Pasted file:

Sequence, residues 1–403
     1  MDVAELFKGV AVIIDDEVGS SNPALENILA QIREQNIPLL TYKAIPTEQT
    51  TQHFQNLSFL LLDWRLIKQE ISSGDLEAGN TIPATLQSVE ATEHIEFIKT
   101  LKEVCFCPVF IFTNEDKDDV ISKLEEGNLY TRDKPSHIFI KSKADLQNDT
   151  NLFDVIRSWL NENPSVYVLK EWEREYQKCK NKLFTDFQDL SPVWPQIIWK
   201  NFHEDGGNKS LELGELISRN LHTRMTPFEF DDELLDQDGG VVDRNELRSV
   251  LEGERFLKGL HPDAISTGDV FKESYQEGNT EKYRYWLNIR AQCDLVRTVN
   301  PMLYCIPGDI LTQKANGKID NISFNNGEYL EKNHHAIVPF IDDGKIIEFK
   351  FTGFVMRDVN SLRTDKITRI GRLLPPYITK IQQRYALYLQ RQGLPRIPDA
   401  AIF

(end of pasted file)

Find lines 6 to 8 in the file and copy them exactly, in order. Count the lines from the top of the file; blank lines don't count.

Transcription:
   201  NFHEDGGNKS LELGELISRN LHTRMTPFEF DDELLDQDGG VVDRNELRSV
   251  LEGERFLKGL HPDAISTGDV FKESYQEGNT EKYRYWLNIR AQCDLVRTVN
   301  PMLYCIPGDI LTQKANGKID NISFNNGEYL EKNHHAIVPF IDDGKIIEFK